Here are some lessons and analogies I extracted from reading “An Astronaut’s Guide to Life on Earth: What Going to Space Taught Me About Ingenuity, Determination, and Being Prepared for Anything”. Almost everything Chris Hadfield says is not just applicable to life in general but it is applicable to software engineering in particular.
In chapter 3 he drives the point home about training and preparation. To become and continue being an astronaut one must be constantly learning and practicing. The vacuum of space is hostile to life and making the wrong decision can have all sorts of cascading effects that lead to disaster. So instead of sitting around and moping about the hostility of space they tackle the problem head on by running simulations about disaster scenarios. They practice and drill so much that cool-headed thinking, even in the face of certain doom, becomes almost instinctive. Instead of freezing up they “work the problem”. At one point he mentions they even have simulations for what happens when somebody aboard the ISS (international space station) dies. It’s not just the people in ISS that run this simulation. The people on earth also go through what they would have to do if they found out a close friend or a loved one had died in space. Suffice it to say that astronauts don’t mess around when it comes to being prepared for almost anything.
How does all this apply to software engineering? If I asked you what happens when your main database dies would you have an answer? If you don’t then you need to start running a simulation about that exact scenario. You need to start “working the problem”. How about if one of your application servers gets hacked? Are you running the application inside a sandboxed environment? Is it isolated enough from the rest of the system that a compromised application server would not have long lasting consequences? How quickly would you find out if this happened? How easy is it to deploy previous versions of your code? Is your infrastructure “generative in the sense that anyone on the team can re-create a working environment from scratch in a reasonable amount of time? What happens when one of your team members gets hit by a bus?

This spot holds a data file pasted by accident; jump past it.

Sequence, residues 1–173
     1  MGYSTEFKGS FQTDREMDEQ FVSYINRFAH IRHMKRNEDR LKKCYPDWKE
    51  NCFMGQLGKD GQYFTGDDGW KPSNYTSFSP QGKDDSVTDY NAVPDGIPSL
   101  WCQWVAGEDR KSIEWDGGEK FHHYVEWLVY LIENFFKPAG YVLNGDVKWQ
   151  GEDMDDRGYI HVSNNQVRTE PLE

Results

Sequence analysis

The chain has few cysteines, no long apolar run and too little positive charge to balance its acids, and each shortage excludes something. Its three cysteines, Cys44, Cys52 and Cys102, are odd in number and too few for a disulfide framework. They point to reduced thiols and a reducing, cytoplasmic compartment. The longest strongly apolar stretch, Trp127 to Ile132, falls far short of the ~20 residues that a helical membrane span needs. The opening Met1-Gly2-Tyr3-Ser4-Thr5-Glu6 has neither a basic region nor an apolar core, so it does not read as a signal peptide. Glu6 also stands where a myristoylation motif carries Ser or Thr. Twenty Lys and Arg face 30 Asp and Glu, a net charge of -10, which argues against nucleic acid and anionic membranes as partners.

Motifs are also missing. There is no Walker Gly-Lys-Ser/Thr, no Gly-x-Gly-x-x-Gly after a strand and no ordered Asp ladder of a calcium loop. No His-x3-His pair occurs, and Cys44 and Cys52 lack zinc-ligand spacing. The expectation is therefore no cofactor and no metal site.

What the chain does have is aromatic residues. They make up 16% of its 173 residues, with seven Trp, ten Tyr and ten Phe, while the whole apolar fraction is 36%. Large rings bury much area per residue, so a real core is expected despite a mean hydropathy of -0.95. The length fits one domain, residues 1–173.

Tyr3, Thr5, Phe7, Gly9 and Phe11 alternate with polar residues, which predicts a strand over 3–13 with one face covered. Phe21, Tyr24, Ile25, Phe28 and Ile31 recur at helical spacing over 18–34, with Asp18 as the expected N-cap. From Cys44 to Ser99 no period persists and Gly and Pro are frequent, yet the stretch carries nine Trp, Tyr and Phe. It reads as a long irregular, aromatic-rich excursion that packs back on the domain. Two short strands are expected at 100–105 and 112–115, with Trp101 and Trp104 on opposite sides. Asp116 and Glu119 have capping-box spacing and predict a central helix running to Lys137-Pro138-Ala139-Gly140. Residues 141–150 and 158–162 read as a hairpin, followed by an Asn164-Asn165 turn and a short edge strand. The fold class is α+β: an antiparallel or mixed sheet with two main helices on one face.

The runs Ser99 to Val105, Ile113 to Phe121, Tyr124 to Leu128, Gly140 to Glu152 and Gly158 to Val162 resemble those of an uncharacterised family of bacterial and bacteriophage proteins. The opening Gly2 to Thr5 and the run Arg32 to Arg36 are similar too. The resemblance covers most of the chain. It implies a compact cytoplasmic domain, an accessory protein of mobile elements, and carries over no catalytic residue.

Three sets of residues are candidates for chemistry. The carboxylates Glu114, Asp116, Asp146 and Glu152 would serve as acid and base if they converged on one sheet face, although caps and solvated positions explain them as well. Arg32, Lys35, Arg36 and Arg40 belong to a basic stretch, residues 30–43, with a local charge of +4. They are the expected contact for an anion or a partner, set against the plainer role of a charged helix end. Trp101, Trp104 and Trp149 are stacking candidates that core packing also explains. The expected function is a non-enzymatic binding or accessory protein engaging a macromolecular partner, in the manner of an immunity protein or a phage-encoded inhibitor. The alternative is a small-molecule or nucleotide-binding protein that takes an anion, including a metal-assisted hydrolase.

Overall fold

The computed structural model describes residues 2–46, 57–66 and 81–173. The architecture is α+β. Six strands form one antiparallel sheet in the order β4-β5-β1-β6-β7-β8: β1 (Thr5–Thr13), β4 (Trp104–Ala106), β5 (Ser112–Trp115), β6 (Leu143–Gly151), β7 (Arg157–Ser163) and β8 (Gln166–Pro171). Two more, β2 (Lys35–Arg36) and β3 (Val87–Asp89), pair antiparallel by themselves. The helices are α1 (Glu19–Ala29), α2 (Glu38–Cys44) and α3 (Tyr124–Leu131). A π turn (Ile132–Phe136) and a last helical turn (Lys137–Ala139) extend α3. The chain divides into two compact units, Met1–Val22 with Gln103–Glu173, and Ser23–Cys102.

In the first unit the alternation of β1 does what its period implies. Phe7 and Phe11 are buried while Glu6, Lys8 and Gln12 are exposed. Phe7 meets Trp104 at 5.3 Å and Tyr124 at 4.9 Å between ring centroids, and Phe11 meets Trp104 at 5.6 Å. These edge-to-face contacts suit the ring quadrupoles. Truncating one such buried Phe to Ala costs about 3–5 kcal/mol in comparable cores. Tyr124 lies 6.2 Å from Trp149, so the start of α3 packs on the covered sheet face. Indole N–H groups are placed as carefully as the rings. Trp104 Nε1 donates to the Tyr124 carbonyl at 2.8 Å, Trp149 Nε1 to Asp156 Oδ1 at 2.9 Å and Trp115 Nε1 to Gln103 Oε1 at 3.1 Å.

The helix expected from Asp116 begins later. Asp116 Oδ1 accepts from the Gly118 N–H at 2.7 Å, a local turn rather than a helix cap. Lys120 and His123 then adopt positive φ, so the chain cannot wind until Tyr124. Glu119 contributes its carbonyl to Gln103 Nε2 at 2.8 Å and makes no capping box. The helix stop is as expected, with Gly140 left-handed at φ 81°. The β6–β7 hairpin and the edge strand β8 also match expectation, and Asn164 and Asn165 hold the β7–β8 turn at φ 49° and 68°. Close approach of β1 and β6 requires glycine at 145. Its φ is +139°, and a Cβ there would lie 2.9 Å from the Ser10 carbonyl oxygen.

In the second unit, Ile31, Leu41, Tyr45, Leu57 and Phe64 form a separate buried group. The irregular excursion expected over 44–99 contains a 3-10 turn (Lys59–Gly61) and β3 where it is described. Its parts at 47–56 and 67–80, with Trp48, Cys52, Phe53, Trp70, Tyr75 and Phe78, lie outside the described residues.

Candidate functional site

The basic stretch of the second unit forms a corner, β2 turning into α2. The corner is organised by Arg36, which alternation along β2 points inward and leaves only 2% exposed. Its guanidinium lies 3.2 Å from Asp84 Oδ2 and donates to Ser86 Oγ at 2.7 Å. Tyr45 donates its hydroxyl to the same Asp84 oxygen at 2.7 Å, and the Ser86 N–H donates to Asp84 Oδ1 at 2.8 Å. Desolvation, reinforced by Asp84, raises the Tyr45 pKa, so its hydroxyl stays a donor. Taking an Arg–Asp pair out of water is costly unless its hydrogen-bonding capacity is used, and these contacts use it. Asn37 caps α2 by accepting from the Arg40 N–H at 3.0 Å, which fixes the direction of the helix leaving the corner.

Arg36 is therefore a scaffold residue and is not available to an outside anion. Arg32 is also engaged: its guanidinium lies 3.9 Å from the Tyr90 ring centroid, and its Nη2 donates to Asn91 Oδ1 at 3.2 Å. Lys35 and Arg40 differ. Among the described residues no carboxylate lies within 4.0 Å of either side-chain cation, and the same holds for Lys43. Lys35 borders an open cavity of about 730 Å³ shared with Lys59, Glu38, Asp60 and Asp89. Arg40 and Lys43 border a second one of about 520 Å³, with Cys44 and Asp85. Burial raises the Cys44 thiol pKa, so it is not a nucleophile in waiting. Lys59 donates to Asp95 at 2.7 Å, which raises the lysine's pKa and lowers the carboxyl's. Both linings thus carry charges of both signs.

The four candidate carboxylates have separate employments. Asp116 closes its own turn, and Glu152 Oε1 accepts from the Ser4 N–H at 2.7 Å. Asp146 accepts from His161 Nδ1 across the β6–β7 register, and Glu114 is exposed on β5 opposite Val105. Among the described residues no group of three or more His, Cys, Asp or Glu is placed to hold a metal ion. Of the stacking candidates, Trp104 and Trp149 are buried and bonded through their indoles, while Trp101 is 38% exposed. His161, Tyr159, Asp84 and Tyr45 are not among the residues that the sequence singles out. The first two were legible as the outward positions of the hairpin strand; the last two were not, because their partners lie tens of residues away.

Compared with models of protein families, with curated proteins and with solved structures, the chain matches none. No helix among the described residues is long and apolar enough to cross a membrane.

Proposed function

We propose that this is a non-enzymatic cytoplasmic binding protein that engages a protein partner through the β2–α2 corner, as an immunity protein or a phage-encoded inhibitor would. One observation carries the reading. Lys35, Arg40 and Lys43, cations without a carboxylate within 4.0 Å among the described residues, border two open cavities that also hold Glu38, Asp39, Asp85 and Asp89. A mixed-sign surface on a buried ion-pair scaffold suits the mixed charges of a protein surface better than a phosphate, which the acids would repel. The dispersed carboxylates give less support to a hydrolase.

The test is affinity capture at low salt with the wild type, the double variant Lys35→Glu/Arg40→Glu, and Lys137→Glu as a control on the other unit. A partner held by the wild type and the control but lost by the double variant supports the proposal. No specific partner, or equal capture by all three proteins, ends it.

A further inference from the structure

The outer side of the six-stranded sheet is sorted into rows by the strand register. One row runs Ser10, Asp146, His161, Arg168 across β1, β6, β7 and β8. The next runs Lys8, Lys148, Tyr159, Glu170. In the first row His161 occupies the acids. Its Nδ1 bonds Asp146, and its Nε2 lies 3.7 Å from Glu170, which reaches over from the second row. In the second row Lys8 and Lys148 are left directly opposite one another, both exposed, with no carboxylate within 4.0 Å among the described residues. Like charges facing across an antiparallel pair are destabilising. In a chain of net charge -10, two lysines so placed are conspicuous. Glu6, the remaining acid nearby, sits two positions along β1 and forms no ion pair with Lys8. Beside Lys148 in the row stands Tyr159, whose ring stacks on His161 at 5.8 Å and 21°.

You need to be asking and answering such questions every week. You need to start practicing your responses to such disaster scenarios to the point that they become almost instinctive. For example, what do you do if the main database goes down? First thing you need to do is figure out if it went down because of high load. If it did then you need to figure out what is causing the high load and mitigate it because even if you fail over to a standby database that one is going to fail as well and you’ll be back where you started. Once the source of the high load has been pinpointed and cordoned off then you can decide whether you should fail over and gradually increase the load or in case of a concerted attack just ride it out. If your server failed because of a hardware issue then you need to call the hardware support folks and get a replacement ASAP while you distribute the load to the standby database. If you don’t have a standby database then you need to promote one of the followers to a leader while you create another leader from a backup or through some other means. This is where having “generative infrastructure helps because anyone on your team, not just the DBA (database administrator), should be able to do this.
That’s just for the database. You should be running such simulations for every component of your stack. Chances are you’ll stumble upon a few knowledge and process gaps along the way which you’ll then hopefully rectify through better processes and tooling.